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In memory

of robert morrison See Arts&Culture, page 12

e h p n U i t Poor air quality from wildfires affects athletes of all kinds serving northern nevada, tahoe and truckee

EMail lEttErs to rENolEttErs@NEwsrEviEw.CoM.

Letter of the law

Planet for rent

Welcome to this week’s Reno News & Review. The 80th session of the Nevada Legislature will convene on Feb. 4, just about a month from now. Journalists around the state are gearing up to cover the session and watching with interest as legislators busily submit bill draft requests for the measures they’d like to see passed this session. As of press time, 968 bill draft requests had been filed and were available for review on the Nevada Legislature’s website—and the total number of bills submitted was nearing 200. Many folks are aware that Nevada recently made history during this election cycle and its aftermath by becoming the first in the nation with a majority female legislature. Fewer know what kinds of bills Nevada legislators—male and female— hope to tackle in the upcoming session. Here are just a few to keep an eye on. Senate Bill 14 would reclassify appointed executive-level board members as “civil officers,” expanding the governor’s ability to remove them for their posts for misconduct. Senate Bill 7 would add the distinction of “knowingly” to current law concerning sex trafficking, making the “knowingly sex trafficking a child” a category A felony, punishable by life in prison and up to $20,000 in fines. Assembly Bill 3 would allow the Department of Taxation to increase the number of marijuana licenses available in a city at the request of that city’s government, basically making it possible for the current limits on the total number of dispensaries in the state to be sidestepped. Other hot topics this session will include health care, education and prostitution. It’s going to be exciting. Stay tuned for legislative coverage from us— and don’t be afraid to engage on your own. If there’s a bill you care about, go to the legislature and testify on it! Maybe I’ll see you there.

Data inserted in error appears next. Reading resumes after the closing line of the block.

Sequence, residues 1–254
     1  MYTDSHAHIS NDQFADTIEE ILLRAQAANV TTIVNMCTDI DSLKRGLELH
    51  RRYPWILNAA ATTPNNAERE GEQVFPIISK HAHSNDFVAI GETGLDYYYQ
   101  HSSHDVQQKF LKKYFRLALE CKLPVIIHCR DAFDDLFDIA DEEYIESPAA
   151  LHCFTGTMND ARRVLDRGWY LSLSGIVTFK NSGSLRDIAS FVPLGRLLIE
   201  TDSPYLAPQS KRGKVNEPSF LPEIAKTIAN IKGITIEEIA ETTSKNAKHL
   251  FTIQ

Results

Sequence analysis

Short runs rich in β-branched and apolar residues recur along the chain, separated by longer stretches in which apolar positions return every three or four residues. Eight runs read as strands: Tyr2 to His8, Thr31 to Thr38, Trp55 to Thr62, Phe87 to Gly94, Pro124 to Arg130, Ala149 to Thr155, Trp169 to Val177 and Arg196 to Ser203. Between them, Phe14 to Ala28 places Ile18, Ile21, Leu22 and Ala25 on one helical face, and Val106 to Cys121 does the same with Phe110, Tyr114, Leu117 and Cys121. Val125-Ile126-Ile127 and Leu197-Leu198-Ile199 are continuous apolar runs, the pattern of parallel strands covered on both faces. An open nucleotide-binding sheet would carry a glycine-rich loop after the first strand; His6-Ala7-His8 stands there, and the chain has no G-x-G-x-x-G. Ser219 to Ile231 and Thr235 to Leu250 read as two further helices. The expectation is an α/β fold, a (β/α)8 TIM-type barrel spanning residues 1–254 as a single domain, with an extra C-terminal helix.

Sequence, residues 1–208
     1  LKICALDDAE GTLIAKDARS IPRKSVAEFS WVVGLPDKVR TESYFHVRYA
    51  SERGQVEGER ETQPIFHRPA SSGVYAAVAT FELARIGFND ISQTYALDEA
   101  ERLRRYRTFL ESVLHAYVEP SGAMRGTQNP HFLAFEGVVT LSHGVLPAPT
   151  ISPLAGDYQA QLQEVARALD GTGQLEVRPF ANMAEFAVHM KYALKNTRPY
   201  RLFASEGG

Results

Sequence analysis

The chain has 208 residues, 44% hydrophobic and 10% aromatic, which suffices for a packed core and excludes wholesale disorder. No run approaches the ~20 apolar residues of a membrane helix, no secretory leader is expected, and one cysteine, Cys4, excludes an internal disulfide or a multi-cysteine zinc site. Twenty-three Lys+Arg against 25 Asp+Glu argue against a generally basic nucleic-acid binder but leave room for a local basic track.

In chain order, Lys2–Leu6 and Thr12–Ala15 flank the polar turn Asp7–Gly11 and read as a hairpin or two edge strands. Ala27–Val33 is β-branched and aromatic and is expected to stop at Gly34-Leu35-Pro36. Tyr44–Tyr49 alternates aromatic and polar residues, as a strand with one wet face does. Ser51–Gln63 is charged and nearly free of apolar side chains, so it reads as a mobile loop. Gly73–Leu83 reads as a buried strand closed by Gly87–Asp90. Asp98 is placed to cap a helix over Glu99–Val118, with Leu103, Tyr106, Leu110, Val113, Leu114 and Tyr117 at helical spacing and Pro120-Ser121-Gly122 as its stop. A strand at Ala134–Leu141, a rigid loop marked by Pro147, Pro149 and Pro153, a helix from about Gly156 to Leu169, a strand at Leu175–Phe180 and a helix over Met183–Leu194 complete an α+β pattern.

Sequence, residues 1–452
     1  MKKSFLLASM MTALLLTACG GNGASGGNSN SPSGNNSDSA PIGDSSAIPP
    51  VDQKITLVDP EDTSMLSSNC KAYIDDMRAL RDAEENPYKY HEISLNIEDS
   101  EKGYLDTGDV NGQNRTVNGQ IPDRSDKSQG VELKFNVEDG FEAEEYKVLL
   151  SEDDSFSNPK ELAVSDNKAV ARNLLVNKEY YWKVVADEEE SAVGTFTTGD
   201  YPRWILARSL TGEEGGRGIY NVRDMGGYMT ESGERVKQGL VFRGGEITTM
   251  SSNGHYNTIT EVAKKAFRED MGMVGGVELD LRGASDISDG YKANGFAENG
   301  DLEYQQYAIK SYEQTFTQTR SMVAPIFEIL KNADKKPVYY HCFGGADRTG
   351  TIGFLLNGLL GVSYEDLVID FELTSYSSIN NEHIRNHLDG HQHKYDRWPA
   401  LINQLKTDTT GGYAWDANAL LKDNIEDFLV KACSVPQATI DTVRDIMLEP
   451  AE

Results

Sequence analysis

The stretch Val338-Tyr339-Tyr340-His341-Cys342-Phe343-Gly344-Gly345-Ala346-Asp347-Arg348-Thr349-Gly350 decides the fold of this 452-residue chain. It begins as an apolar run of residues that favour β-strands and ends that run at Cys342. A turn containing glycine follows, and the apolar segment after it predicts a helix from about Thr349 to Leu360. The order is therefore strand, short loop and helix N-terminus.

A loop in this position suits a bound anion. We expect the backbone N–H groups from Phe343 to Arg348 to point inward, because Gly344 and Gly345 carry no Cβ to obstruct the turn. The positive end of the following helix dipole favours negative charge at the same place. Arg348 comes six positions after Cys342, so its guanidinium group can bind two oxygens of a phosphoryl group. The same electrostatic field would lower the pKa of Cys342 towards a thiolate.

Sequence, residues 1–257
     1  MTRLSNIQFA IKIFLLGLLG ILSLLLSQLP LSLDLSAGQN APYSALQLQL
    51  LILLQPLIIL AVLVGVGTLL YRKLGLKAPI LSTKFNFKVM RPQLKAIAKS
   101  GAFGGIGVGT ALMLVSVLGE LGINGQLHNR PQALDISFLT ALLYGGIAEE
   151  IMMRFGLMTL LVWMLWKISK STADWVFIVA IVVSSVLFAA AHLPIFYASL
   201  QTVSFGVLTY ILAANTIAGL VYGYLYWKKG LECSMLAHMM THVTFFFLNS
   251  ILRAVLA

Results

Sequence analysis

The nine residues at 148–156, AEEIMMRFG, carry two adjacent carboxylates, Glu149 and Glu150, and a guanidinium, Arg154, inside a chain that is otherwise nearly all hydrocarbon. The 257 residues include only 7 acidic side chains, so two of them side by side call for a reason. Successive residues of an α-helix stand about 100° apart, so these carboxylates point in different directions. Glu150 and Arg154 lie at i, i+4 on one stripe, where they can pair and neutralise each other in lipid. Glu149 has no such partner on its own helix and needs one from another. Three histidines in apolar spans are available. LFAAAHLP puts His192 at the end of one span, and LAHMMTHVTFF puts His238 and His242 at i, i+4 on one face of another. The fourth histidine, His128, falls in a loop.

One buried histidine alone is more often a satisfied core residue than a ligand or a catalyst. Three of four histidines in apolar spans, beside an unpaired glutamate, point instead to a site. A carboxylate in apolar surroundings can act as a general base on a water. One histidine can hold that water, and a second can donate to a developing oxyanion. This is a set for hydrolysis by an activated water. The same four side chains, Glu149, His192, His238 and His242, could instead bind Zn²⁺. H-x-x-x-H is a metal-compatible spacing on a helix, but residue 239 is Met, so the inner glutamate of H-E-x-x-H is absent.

The last inhabitants were real pigs. They trashed the place. Used up most of the fuel oil, overfished the ponds, peed in the pools and really messed up the climate control systems—as well as the wonderful garden. And they were always fighting amongst themselves, as well as leaving toxic waste all over and scaring the neighbors. Security deposit waived if you give the place a coat of paint, but you will still need first and last millennium deposit. Property should be available in a few short decades. All inquiries confidential. Contact G.O.D. Property Management Systems. Craig Bergland Reno

—Jeri Chadwell